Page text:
The profound changes in vocational education and training during the past 15 years are quite extraordinary. They have been achieved with little friction and by a gradual widening of consensus and ramification. The Scottish Vocational Education Council was given a flying start in 1985 by the merger of the Scottish Technical Education Council and the Scottish Business Education Council. It has been centre-stage ever since and Dick Louden's newly published Story of Scotvec 1985-1997 is a readable and impressive record.
However, (Scotvec colleagues will recognise my favourite word), it behoves me to mention the seminal role of the Inspectorate and the Scottish Office in weaning Scotvec and its immediate predecessors from the conventional curriculum-based final examination system towards open-ended, criterion-referenced, competence-based continuous assessment.
I apologise to the non-specialist reader for what may appear to be demented verbiage but this is the basis of Scotvec's remarkable advances in vocational education and training, the numbers of students, the support of industry, commerce and the professions and the results in individual and national economic progress.
At the outset I was rather dubious about the wisdom and practicality of the changes involved. My firm belief in this novel system came gradually. But I particularly warmed to the opportunities given to the late developer, the gifted or not so gifted amateur and the forced or voluntary career changer to start or resume their relevant studies at any congenial time or place.
It is a remarkable testimony to the hard-pressed staffs of colleges, schools and centres that they have implemented these radically new programmes so successfully. This encourages me to hope that any changes under the Scottish Qualification Authority will also be to the mutual advantage of all involved. Support by the Convention of Scottish Local Authorities from the outset, and Scottish Enterprise and Highlands and Islands Enterprise more recently, has sharply accelerated Scotvec's progress.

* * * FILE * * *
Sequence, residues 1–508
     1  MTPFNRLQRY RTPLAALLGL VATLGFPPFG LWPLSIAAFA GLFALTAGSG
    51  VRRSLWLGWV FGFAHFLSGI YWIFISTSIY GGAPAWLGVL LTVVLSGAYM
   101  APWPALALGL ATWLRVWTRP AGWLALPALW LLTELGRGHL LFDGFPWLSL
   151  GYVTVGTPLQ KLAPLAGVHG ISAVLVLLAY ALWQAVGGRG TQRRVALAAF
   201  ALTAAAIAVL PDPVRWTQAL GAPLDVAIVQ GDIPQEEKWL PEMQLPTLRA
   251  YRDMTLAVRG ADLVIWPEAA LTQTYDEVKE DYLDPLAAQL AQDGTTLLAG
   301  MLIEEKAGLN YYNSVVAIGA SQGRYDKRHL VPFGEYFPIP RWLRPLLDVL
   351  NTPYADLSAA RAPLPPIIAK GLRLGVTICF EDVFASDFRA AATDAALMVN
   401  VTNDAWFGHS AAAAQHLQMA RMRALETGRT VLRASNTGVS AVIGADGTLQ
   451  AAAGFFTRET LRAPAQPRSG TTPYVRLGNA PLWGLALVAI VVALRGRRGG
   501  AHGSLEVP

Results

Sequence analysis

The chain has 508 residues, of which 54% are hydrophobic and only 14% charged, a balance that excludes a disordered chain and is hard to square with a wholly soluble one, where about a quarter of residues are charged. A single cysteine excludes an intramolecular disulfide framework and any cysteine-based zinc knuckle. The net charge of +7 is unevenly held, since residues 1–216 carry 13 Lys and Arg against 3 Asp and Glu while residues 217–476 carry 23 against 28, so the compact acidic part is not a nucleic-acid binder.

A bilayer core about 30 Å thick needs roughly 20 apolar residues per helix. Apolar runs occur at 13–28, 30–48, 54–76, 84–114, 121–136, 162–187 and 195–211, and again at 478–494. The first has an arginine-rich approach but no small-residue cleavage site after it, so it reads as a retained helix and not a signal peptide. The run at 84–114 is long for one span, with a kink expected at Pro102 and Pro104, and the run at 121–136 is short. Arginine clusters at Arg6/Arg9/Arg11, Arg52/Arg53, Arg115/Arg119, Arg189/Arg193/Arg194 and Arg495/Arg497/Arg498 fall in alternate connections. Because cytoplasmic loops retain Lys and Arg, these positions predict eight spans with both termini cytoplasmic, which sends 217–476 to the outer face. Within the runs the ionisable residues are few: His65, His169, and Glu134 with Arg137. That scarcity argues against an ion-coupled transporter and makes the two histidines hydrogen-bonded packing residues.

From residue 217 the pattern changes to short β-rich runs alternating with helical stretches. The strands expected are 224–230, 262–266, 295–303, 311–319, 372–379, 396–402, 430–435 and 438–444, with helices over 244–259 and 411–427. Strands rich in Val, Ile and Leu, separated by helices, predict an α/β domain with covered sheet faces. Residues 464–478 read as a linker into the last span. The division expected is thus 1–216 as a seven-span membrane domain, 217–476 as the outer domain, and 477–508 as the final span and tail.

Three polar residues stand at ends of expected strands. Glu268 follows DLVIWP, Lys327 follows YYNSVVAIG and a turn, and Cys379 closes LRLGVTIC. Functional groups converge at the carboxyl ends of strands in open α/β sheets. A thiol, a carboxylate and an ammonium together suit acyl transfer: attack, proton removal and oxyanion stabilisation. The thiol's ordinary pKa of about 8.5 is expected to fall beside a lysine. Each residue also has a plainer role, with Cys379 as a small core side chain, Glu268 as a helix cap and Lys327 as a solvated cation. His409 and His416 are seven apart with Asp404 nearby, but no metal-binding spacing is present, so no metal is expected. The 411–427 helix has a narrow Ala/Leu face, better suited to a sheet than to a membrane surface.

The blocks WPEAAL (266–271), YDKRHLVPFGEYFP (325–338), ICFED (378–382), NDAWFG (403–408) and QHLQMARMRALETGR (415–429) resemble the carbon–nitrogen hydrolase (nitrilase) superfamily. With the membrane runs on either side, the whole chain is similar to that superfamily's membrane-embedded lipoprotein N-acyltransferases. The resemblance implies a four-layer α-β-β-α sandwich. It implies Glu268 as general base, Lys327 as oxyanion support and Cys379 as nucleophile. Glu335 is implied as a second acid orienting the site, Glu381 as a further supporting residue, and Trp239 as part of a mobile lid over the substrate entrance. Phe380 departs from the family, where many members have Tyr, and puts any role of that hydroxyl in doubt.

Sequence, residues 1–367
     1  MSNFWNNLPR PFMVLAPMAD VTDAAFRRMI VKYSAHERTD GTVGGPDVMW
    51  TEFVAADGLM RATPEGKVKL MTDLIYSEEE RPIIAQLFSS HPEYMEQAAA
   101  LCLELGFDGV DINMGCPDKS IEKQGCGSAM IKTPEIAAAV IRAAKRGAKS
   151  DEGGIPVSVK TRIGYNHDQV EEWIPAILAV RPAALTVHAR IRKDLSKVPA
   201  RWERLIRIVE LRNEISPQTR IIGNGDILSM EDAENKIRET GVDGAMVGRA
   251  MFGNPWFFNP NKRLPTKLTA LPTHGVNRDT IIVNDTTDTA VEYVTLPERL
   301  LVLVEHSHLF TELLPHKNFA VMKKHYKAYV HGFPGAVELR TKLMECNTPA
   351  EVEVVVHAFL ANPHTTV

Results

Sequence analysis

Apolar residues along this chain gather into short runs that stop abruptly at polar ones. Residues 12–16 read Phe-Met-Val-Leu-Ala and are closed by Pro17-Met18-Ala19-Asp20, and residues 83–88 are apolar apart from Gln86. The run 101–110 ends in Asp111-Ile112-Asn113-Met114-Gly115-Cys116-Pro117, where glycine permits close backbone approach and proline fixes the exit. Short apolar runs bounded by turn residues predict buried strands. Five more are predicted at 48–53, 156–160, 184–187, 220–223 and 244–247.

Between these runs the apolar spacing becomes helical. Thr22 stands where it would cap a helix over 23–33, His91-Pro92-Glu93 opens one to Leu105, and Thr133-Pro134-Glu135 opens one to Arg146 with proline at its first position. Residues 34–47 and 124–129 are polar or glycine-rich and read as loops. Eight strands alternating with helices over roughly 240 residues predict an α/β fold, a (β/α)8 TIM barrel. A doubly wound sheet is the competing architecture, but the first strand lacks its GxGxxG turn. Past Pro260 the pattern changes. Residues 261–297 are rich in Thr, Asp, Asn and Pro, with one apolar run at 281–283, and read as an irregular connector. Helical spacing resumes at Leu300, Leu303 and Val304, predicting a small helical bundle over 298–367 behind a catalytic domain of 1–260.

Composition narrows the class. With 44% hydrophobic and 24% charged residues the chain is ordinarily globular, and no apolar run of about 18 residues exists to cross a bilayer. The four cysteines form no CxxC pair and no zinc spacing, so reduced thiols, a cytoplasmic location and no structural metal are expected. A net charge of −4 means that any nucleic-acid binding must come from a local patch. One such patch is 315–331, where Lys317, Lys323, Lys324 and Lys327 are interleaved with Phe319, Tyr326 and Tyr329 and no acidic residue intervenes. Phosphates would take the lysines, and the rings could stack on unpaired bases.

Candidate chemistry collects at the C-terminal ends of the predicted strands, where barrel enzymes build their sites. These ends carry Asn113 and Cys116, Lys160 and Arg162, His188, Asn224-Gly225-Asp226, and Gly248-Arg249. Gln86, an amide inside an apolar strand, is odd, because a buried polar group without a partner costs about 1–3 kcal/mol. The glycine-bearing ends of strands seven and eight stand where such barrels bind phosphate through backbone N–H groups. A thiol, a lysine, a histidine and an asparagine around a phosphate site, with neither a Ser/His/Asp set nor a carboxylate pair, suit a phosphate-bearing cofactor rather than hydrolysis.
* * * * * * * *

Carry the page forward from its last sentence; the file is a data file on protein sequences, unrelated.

One issue on which Dick Louden remains tactfully silent is the wish expressed in the late 1980s by certain London-based politicians and organisations for Scotvec to be absorbed into the National Council for Vocational Qualifications or some UK-wide successor. This proposal was diverted by the circumstance that Scotvec was responsible in Scotland for a whole range of functions and provision which elsewhere was based on 200 or more separate bodies.
The SQA will be served by a knowledgeable and experienced chairman and staff, and the support of local and national government and organisations, employers, schools, colleges and students, pupils and their families. The new authority is based on a bringing together of the two parts of an arbitrarily divided continuum. It is a development I warmly applaud.
Dr Peter Clarke was the first chairman of Scotvec.